American history

Does Religious Freedom Matter Anymore?

On this date in 1786, the Virginia General Assembly enacted one of the most important initiatives in our nation's history — the Virginia Statue for Religious Freedom. Today, Governor Bob McDonnell issued a proclamation celebrating the Statute and Senator Bill Stanley (R-20, Moneta) and Delegate Chris Peace (R-97, Hanover) gave speeches in their respective chambers to bring attention to this day. This amendment to our state constitution was the foundation for our First Freedom as defined in the U.S. Constitution a few years later. Drafted by Thomas Jefferson — it is one of the three accomplishments for which he wanted to be remembered and engraved on his tombstone; the others being author of the Declaration of Independence and founder of the University of Virginia — the Statute recognizes that our right to exercise our faith

. . . can be directed only by reason and conviction, not by force or violence; and, therefore, all men are equally entitled to the free exercise of religion, according to the dictates of conscience.

It adds:

No man shall be compelled to frequent or support any religious worship, place, or ministry whatsoever, nor shall be enforced, restrained, molested, or burthened in his body or goods, nor shall otherwise suffer on account of his religious opinions or belief; but all men shall be free to profess and by argument to maintain their opinions in matters of religion, and the same shall in nowise diminish, enlarge, or affect their civil capacities.

As attacks on the religious liberty of Americans continue to grow, it is important to remember the real meaning of the term and take the opportunity to educate our friends and neighbors who may be buying into some of the secular left’s notion of "separation of church and state." For example, we often call our First Freedom a "constitutional right to religious freedom," but the reality is that this freedom comes from God and is simply to be protected by the constitution; it doesn't come from our constitution.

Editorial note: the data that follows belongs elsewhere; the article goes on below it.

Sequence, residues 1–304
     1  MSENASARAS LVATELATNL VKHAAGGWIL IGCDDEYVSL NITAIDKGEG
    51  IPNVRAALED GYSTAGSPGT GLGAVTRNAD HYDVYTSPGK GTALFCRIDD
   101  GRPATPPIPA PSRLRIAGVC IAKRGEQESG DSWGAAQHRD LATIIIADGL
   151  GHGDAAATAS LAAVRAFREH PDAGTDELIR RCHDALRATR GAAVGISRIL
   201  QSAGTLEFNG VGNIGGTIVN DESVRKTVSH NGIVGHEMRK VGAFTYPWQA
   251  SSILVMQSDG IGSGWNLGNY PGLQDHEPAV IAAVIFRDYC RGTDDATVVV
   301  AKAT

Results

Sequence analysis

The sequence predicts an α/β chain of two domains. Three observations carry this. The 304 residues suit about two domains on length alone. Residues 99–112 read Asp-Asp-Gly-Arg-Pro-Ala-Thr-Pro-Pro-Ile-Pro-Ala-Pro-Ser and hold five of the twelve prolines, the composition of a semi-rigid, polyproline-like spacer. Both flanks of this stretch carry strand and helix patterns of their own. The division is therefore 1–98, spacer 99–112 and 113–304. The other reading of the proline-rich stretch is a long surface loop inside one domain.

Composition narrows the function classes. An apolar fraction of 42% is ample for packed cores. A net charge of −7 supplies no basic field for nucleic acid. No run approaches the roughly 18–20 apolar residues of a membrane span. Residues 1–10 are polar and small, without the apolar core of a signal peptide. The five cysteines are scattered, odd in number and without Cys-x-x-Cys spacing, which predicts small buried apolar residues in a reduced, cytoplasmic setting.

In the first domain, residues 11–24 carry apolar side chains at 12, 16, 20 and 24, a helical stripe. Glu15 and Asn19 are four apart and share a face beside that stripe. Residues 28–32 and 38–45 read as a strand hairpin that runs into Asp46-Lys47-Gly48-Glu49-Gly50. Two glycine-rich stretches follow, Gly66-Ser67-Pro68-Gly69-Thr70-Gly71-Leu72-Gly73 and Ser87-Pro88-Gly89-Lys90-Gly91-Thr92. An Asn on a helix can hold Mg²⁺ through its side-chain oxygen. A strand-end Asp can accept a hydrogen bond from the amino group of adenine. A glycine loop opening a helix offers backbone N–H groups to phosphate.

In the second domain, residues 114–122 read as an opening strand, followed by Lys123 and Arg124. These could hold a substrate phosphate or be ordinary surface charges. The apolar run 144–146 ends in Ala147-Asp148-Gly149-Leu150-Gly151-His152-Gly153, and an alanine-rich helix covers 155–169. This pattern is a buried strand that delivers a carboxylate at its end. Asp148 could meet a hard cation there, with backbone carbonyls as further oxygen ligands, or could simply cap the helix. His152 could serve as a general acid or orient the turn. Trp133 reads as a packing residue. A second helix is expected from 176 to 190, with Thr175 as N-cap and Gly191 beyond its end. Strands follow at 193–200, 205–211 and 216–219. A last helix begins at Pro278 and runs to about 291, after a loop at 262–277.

It is important to note that we have the freedom to be involved in "civil capacities" and express our "opinions in matters of religion" in these capacities. This is particularly important to remember as the radical secular left in Virginia has attacked us for our support of pro-life and pro-family legislation as a violation of "separation," something that flies in the face not just of the Statute but over 230 years of American history. This is not only our right, it's our duty.

This year, we are supporting initiatives that we hope will restore the real meaning of Jefferson's Statute. One, an amendment to the state constitution by Senator Stanley — working with Senator Bill Carrico (R-40, Galax) — would seek to reestablish our rights as citizens to pray at public government meetings, a longstanding tradition that the secular left has sought to stop, successfully in many cases, throughout Virginia.

Of course, one major threat to the freedom of all Americans is the federal government's mandate that citizens fund the birth control of others through President Obama's health insurance scheme, a mandate that is currently being challenged in nearly 30 lawsuits across the nation. While the secular left and abortion industry call this mandate about "access" to birth control, the truth is that it requires a redefinition of the word "access" to mean "paid for by somebody else at the expense of their freedom of conscience."

President Obama "Amused" Over Spending During His Visit To Richmond

As a native Richmonder, I think it's great when a sitting president visits, no matter which party he represents or, frankly, how bad a job he's doing. After all, sometimes the bigger the trouble he's in, the greater the media attention — and this city can use all the publicity it can stand. So, it was great to see the anointed one here last week, although it was puzzling since we have no hotly contested campaign. On the other hand, maybe that's why he was here, given how toxic he's become to Democrat candidates, who lack no excuse to outrun Air Force One when they see it descending into their states. But it was especially pleasing to see Mr. Obama's motorcade route lined with "Cut Spending" yard signs, courtesy of Americans For Prosperity (I have relatives who live in one of the houses that agreed to plant the signs). Mr. Obama didn't see it the same way, although he said he was "amused" by the signs. But he was really out of touch. He alluded to Virginia 7th District Congressman Eric Cantor, in whose district he was, and the GOP call to cut spending and tax rates, when he said, "the numbers don't add up."  

While the leader of the regime may or may not have been "amused" he certainly was hypocritical: the numbers don't add up? As if his numbers — trillions and trillions of dollars of debt that resemble a banana republic — add up? Actually, "adding" is the wrong word. His policies are subtracting — subtracting the prosperity of countless Americans — and he's lecturing us on keeping our more of our wages? The fact is, every major tax cut in American history (including those under Presidents Kennedy, Reagan and George W. Bush) has created millions of jobs and increased federal revenue through a thriving economy. The simple message of the yard signs is correct. When revenue goes up and deficits linger, it's a spending problem, not a tax problem.